I have changed my excesie routine since last week, and now I have taken up biking (in Portland,OR biking rocks) and I am atleast attempting 1-2 rides of 30 miles each week. I found that my dieting does not go alongwith my biking and during my first ride I practically crashed, so I am not so strict about dieting now Here
is something to consider:
Cardiovascular workouts do burn a few calories, but far fewer than you think. And the more cardio you do, the hungrier you feel. Not only does cardio fail to help you lose weight, but it kills -- it kills your time, your energy, your joints, and your motivation. You burn a few measly calories but then eat twice as many afterward. The result? Weight gain -- and lots of it
Increasing your cardio at this point will inhibit your ability to build lean muscle. Add that to your falling off the dieting wagon, and you're setting yourself up for a weight gain.
If I were you, I would do no more that 30 minutes of cardio 3 times a week. The focus of your training should be to build more muscle. While some cardio will help you become leaner, too much will cannibalize your muscle tissue and make it impossible for your muscles to grow. You might consider doing HIIT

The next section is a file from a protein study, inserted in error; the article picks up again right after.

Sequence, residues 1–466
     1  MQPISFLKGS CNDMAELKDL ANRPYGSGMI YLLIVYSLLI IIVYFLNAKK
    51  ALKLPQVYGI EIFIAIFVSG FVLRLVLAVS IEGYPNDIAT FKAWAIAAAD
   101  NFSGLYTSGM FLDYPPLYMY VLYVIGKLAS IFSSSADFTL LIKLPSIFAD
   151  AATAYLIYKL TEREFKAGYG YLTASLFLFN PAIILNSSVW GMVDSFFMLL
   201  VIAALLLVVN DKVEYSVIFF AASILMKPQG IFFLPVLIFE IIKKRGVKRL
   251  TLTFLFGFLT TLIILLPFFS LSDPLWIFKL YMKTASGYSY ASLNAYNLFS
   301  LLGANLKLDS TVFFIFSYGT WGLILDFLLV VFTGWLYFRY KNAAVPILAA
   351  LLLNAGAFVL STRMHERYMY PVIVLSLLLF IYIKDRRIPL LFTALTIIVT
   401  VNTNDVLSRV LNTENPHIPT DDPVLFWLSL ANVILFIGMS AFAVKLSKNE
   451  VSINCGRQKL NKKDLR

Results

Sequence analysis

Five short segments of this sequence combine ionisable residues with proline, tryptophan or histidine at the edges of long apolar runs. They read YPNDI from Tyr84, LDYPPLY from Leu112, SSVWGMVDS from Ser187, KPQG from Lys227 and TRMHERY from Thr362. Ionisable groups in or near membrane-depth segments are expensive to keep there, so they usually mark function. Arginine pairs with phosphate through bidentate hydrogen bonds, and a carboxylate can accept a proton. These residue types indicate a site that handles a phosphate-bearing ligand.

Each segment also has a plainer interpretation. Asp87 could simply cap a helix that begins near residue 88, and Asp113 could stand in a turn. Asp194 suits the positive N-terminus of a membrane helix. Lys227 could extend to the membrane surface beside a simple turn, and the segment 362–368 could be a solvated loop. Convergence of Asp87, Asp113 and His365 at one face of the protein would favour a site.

rather than traditional LSD cardio - anyone who can cycle 30 miles several times a week has a good enough cardio base to do HIIT
As for diet:
1 - Try to keep the ratio of the three macronutrients (protein, carbs and fats) relatively close to each other. In other words, avoid lopsided diets where you're getting more than 40% of your calories from one of the three and less than 20% of your calories from another.
2 - Do NOT eat products made of refined carbs (white sugar, white flour, white rice, ect). Pizza and Mickey D's fall in that category. Eat only whole grain products
3 - Don't be fat phobic - just be careful of which fats you eat. Nuts and seeds, avocados, olive, canola, coconut and palm oils and eggs are all good fat sources. The best sources are fatty fish, which are high in omega 3 fatty acids, but you said that you were a vegetarian. Flax seeds and walnuts also have omega 3s, but they are the short chain ALA rather than the more beneficial long chain EPA and DHA
4 - Most importantly, CALORIES COUNT
! Just because you're working out, don't get the idea that you don't have to watch what you eat. If you take in more calories than you burn off, you'll gain weight no matter how active you are.